Ukrainian SSR after the Second World War. There is a paucity of agricultural periodicals in the Ukrainian SSR, as is evident from the accompanying table for 1973 (figures in parentheses represent the RSFSR). The agricultural journals were monthlies published in Kyiv; all were in Ukrainian. Among them was one scientific journal, Visnyk sil’s’ko-hospodars’koï nauky, published from 1962 by the Ministry of Agriculture of the Ukrainian SSR and previously by the Ukrainian Academy of Agricultural Sciences. It had a printing of 5,100 (1973). The popular Khliborob Ukraïny, which had a printing of 55,800, contained little agricultural information and mostly propaganda. The main specialized journals were: Tvarynnytstvo Ukraïny, with a printing of 62,400; Mekhanizatsiia sil’s’koho hospodarstva, which had been published since 1950 by the Council of Ministers of the Ukrainian SSR with a printing of 27,800 (cf the Moscow journal Sel’skii mekhanizator, which had a printing of over 700,000); and Sil’s’ke budivnytstvo, with a printing of 27,800. Most of the other periodicals (serialized works, thematic collections, and bulletins) were published by agricultural institutes and scientific research institutes and did not appear frequently (3.7 times per year on the average). Their average printing was 1,244.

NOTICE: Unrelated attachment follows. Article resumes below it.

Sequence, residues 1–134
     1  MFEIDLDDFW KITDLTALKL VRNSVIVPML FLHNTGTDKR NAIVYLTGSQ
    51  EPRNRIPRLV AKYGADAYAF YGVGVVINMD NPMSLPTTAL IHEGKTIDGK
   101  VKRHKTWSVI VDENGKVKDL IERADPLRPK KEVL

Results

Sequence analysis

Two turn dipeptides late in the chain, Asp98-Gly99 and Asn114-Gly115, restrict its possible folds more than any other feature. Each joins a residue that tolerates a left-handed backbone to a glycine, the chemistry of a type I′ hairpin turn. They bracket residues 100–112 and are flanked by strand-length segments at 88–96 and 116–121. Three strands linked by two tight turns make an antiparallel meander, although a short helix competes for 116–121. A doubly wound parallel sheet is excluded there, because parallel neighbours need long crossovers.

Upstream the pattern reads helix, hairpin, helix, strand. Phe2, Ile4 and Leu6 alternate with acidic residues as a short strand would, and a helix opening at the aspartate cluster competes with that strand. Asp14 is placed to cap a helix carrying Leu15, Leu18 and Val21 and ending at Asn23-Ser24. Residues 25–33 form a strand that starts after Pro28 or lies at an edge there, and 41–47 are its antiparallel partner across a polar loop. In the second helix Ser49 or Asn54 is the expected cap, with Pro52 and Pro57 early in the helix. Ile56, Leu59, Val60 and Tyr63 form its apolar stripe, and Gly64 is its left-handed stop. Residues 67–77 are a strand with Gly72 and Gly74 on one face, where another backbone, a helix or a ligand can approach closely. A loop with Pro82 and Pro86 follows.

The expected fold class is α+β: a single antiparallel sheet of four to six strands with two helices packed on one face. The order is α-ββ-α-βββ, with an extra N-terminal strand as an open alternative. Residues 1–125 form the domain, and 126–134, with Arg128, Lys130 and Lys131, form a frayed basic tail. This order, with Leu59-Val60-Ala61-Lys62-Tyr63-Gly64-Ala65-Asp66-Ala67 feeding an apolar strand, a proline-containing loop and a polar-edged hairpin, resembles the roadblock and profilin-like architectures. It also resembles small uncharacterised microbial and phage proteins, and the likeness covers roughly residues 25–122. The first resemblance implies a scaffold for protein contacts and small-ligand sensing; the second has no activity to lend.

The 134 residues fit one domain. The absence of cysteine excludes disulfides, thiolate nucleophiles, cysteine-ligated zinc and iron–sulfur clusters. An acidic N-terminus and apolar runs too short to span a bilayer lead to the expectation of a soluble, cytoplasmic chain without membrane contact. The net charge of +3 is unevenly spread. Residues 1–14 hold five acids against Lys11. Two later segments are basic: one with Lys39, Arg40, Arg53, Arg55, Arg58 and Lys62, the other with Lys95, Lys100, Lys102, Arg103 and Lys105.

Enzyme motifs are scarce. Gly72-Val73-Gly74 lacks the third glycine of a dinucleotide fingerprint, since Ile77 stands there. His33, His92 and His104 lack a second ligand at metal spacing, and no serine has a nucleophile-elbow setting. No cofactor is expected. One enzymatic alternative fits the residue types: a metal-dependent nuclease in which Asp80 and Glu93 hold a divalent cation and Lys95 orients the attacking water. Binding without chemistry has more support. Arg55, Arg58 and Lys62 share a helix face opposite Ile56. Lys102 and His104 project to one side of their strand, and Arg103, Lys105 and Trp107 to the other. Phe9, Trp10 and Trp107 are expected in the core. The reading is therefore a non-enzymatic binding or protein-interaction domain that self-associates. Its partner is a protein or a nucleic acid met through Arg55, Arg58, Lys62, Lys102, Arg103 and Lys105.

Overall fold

Although the number of agricultural periodicals and their print runs had increased (in 1950 there were 24 periodicals with an annual print run of 700,000), they did not meet the needs of Ukrainian farmers. This can best be demonstrated by the above statistics and the following comparison: in Ukraine there was one agricultural periodical for every 137,000 individuals employed in agriculture (and one journal for every 1.2 million employees in general), while in the RSFSR there was one periodical for every 39,000 agricultural employees (and one journal for every 155,000 general employees). Thus, in Ukraine each person employed in agriculture would receive 0.24 copies of an agricultural periodical, while in the RSFSR each employee would receive 0.52 copies. Ukraine is a more agricultural country than Russia, yet its farmers were obliged to use Russian agricultural periodicals, the more so since the latter were more attractive, better illustrated, and more readily available.

Andrii Kachor, Volodymyr Kubijovyč, Sofiia Yaniv

[This article originally appeared in the Encyclopedia of Ukraine, vol. 1 (1984).]